• shares or equivalent ownership interests, subject to the legal structure of the CIF concerned or share- linked instruments or equivalent non-cash instruments, in the case of a non-listed CIF;
  • (where possible, other instruments within the meaning of Article 52 [1] or 63 [2] of Regulation (EU) No 575/2013 or other instruments which can be fully converted to Common Equity Tier 1 instruments or written down, that in each case adequately reflect the credit quality of the CIF as a going concern and are appropriate to be used for the purposes of variable remuneration.

    The instruments referred to in this point must be subject to an appropriate retention policy designed to align incentives with the longer-term interests of the CIF. This point must be applied to both the portion of the variable remuneration component deferred in accordance with point (m) and the portion of the variable remuneration component not deferred;

(m)

a substantial portion, and in any event at least 40 %, of the variable remuneration component is deferred over a period which is not less than three to five years and is correctly aligned with the nature of the business, its risks and the activities of the member of staff in question.

Remuneration payable under deferral arrangements shall vest no faster than on a pro-rata basis. In the case of a variable remuneration component of a particularly high amount, at least 60 % of the amount shall be deferred. The length of the deferral period shall be established in accordance with the business cycle, the nature of the business, its risks and the activities of the member of staff in question;

(n)

the variable remuneration, including the deferred portion, is paid or vests only if it is sustainable according to the financial situation of the CIF as a whole, and justified on the basis of the performance of the CIF, the business unit and the individual concerned.

Without prejudice to the general principles of national contract and labour law, the total variable remuneration shall generally be considerably contracted where subdued or negative financial performance of the CIF occurs, taking into account both current remuneration and reductions in payouts of amounts previously earned, including through malus or clawback arrangements.

Up to 100 % of the total variable remuneration shall be subject to malus or clawback arrangements. CIFs must set specific criteria for the application of malus and clawback. Such criteria shall in particular cover situations where the staff member:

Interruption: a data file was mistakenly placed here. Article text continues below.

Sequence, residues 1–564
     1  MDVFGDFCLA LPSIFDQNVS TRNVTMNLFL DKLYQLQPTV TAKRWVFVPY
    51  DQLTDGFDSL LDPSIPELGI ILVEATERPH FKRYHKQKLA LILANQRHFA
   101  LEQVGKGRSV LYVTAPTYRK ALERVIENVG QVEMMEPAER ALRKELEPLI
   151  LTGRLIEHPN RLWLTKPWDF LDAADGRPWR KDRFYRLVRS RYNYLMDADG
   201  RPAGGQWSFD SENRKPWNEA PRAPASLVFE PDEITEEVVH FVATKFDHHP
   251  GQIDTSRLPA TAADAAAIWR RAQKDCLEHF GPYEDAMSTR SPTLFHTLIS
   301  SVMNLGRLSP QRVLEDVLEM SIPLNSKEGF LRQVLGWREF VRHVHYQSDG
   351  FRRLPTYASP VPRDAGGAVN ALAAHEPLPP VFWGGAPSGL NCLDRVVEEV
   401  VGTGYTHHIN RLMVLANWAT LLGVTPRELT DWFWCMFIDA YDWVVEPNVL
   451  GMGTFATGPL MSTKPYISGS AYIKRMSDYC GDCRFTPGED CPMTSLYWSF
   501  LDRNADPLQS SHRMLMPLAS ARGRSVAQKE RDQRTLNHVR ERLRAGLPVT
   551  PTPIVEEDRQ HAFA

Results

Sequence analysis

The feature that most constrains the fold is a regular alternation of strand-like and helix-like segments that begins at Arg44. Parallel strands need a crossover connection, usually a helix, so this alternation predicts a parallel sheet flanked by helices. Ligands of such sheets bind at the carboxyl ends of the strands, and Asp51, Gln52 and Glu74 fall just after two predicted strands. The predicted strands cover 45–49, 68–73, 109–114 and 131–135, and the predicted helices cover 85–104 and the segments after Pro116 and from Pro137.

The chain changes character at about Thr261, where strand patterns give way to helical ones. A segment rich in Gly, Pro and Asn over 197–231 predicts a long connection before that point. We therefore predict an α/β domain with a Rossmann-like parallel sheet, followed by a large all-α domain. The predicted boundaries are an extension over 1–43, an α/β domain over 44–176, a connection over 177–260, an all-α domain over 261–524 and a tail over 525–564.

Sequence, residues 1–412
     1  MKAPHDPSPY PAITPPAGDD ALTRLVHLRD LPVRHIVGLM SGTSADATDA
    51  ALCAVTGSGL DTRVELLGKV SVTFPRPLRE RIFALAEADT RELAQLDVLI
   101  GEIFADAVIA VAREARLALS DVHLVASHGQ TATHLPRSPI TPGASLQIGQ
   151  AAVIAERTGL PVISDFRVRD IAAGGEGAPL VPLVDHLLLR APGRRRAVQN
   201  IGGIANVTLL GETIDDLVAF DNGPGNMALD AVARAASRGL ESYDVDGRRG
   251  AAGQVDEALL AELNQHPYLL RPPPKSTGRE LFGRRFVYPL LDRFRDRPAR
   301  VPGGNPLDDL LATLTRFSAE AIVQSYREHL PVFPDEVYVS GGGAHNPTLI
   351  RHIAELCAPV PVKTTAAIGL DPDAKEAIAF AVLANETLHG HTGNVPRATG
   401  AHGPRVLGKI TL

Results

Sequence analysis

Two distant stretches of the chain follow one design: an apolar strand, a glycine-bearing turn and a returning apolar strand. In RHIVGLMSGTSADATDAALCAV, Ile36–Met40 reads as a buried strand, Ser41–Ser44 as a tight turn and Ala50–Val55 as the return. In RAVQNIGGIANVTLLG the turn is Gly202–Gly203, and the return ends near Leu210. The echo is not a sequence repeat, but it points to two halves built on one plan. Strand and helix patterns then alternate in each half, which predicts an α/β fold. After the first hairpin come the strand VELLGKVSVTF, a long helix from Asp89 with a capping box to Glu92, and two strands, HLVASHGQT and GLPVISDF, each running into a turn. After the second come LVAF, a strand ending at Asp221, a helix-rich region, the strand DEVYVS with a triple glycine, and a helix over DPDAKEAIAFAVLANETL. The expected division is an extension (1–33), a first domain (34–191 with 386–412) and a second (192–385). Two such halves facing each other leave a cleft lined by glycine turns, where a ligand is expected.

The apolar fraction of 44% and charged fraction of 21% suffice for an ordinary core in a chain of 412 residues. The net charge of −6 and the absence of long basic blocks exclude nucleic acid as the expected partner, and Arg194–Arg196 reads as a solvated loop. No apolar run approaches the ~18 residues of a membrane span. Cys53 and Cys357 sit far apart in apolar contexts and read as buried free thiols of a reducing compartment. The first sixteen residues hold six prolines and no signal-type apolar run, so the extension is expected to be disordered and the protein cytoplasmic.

• participated in or was responsible for conduct which resulted in significant losses to the CIF;
  • failed to meet appropriate standards of fitness and propriety;
(o)

the pension policy is in line with the business strategy, objectives, values and longterm interests of the CIF.

If the employee leaves the CIF before retirement, discretionary pension benefits shall be held by the CIF for a period of five years in the form of instruments referred to in point (l). Where an employee reaches retirement, discretionary pension benefits must be paid to the employee in the form of instruments referred to in point (l) subject to a five-year retention period;

(p)
staff members are required to undertake not to use personal hedging strategies or remuneration- and liability- related insurance to undermine the risk alignment effects embedded in their remuneration arrangements;
(q)
variable remuneration is not paid through vehicles or methods that facilitate the noncompliance with this Directive or Regulation (EU) No 575/2013.

Our approach: Atonline Limited complies with all the requirements stated here above. In particular:

  • In relation to points (a) and (b) hereabove, the performance appraisal process is geared in such a way as to force the discipline on the assessor to take into account the performance of the business unit and the Firm, in addition to the performance of the individual concerned and also to take into account qualitative factors such as punctuality and the number of justified complaints launched against the appraise. In addition, the appraisal process is set in a multi-year framework, currently spanning over the last three (3) years.
  • In order to ensure that the principles of point (c) hereabove are met (the total variable remuneration does not limit the ability of the CIF to strengthen its capital base), the remuneration committee, which is entrusted with the duty of approving any variable remuneration component, is advised by the Head of the Risk Management Department, who is explicitly entrusted with the task, among others, of confirming that the total amount of proposed variable remuneration does not impede the ability of the CIF to strengthen its capital base.
  • In relation to guaranteed variable remuneration (points (d) and (e) hereabove), it is indeed treated as exceptional, and it is subjected to approval by:
    • The General Manager or the Chief Operations / Financial Officer of the Firm, in case the proposed payment does not satisfy the Proportionality Conditions [3]
    • The Remuneration Committee, in cases where the Proportionality Conditions are satisfied. In such cases, an extraordinary meeting of the Remuneration Committee is called to deliberate on the matter. If the Remuneration Committee approves the payment of the sign-up bonus, the decision must be ratified by the Board of Directors.